Freshwater aquaculture has also been practiced in Lebanon since the 1930s, and over 90% of production in Lebanon is rainbow trout—1,100 tons of which were produced in 2010. Aquaculture is significant to certain regions of the country, including Hermel, Yammouneh, and Anjar, where it is the second main economic activity.
Agro-food is the largest sub-segment of Lebanon’s industrial sector at 22%, ahead of the chemicals sector on 19%. Bakery products are the mainstay of the agribusiness sector, and over 9,000 establishments are present in the sector. The next largest is confectionery products, with 1,007 establishments. The other main sub-segments in the Lebanese agribusiness sector include meat and fish processing, fruit and vegetable processing, vegetable and animal oil and fats, dairy products, ice cream, grain mill products, sugar, alcoholic drinks, and soft drinks and mineral water.
Industrial exports represent over 90% of the country’s total exports, and the agribusiness sector is a large exporter too. Arab countries represent the main destination for many of Lebanon’s agro foods, with 40% of all produce distributed throughout the region. Europe, however, represents around 10%. Wine has been a major success of the Lebanese agriculture sector, with wines from the Levantine nation becoming more and more common in established wine-drinking countries. “We are, however, proud to say that our wine is produced using only Kefraya grapes, and we do not bring in any external produce,” Michel de Bustros, General Manager of Château Kefraya told TBY. With approximately 8 million bottles of wine produced in Lebanon in 2011, exports are becoming big business. Currently, Château Kefraya exports to 40 countries. Additionally, Château Ksara, which has an annual production of 2.7 million bottles, exports 40% of its produce. “We export to over 30 countries. Our neighboring exports go to Syria and Jordan. We also export to European countries such as France and the UK as well as to the US, where we have three distributors,” Zafer E. Chaoui, Chairman and CEO of Château Ksara, told TBY.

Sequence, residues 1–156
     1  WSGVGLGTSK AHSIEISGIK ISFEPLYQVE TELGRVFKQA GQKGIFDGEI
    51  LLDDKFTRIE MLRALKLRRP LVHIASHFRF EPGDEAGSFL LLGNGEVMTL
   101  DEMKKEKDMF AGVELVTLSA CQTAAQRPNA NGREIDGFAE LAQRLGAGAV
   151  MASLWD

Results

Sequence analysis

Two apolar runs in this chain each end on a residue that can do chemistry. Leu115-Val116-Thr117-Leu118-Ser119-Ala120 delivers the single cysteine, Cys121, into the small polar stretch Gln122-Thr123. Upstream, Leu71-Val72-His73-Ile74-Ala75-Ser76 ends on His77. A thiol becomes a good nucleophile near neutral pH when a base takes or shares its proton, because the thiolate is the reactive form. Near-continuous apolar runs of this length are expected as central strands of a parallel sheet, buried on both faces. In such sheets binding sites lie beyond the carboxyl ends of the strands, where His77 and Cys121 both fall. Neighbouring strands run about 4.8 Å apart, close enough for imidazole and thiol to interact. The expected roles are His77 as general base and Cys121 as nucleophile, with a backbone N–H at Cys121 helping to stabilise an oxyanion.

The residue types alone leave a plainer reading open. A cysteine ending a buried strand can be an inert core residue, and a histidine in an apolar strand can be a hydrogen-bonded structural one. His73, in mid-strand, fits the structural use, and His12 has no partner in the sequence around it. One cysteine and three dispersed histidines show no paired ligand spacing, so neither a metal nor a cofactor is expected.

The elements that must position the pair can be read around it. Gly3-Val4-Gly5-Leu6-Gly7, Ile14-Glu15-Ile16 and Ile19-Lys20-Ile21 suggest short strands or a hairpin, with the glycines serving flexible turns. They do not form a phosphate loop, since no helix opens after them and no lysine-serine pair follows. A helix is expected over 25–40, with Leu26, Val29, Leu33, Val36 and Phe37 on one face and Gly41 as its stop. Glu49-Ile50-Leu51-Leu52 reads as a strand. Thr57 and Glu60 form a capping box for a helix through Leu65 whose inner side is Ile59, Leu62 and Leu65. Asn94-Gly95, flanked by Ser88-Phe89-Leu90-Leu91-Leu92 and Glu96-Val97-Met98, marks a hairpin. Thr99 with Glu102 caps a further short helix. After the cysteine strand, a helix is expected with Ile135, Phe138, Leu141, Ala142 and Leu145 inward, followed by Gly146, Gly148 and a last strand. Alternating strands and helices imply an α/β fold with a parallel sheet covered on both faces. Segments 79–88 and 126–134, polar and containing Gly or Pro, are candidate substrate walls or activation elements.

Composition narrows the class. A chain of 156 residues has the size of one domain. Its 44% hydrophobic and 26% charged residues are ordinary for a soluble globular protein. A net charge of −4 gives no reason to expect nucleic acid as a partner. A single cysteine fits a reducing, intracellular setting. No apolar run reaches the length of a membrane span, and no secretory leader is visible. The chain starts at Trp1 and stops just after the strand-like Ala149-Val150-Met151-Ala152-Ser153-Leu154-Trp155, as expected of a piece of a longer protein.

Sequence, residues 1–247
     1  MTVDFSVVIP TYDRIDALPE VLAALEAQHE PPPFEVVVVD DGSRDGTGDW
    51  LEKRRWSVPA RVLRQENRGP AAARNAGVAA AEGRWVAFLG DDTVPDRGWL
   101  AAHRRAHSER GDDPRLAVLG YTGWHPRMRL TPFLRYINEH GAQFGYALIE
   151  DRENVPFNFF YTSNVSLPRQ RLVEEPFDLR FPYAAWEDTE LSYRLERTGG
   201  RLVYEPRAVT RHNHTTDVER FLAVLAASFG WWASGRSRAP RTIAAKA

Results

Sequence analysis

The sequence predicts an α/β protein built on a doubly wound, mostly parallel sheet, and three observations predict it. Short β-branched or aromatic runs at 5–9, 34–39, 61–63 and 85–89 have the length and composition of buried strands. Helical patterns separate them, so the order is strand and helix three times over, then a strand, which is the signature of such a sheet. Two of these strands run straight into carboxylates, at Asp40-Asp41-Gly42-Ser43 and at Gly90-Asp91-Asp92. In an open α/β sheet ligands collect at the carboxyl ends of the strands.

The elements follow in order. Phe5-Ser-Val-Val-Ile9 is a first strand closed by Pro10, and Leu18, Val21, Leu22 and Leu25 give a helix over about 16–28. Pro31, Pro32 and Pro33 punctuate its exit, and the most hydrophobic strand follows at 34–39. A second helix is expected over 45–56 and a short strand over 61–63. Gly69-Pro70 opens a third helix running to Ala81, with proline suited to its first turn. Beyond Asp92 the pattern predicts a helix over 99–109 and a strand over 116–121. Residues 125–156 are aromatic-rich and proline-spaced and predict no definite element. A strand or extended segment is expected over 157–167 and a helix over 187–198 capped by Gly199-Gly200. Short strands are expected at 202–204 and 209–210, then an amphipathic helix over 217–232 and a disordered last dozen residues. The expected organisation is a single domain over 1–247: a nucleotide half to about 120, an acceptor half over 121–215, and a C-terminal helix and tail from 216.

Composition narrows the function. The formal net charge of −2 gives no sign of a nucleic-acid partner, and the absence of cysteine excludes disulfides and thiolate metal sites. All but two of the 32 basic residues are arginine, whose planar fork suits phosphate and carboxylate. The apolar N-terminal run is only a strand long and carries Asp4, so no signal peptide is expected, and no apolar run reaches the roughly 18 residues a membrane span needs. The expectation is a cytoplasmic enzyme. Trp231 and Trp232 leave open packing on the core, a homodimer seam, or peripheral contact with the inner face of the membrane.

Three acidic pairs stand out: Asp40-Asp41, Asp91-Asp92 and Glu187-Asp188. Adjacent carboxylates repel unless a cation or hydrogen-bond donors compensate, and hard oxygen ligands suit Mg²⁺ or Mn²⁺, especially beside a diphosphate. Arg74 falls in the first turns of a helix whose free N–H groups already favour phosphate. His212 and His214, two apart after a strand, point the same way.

In the confectionery world, Patchi is a leading producer and exporter of chocolate, contributing to the Lebanese agribusiness’ ascent up the value chain. Using a combination of local and imported produce, Patchi has a presence in 25 countries and distributes around the globe. The company is now looking to go public on the London Stock Exchange, with an IPO mooted for mid-2012, Nizar Choucair, Chairman and Founder of Patchi International, told TBY.
FDI inflows increased by 3.2% to reach $4.965 billion in 2010, with the agriculture sector representing attracting 2% of the total. One recent investor was NPPC, an international packaging house for agricultural products, yet FDI inflows to the sector remain relatively insignificant. With increasing investment on its agenda, the Ministry of Agriculture is looking to tackle the challenges of high production, energy, and human resources costs. “If we experience a higher cost of production than Syria, Egypt, or Iraq then we will not be competitive in the marketplace,” Hussein Hassan, Minister of Agriculture, told TBY.
With plans afoot for the government to provide more incentives to agricultural producers, the attractiveness of the sector to FDI is likely to increase. One potential means of industry support could be through the reduction of customs costs on the import of agricultural inputs, such as machinery and fertilizers, and the Ministry is currently looking at such potential avenues of action.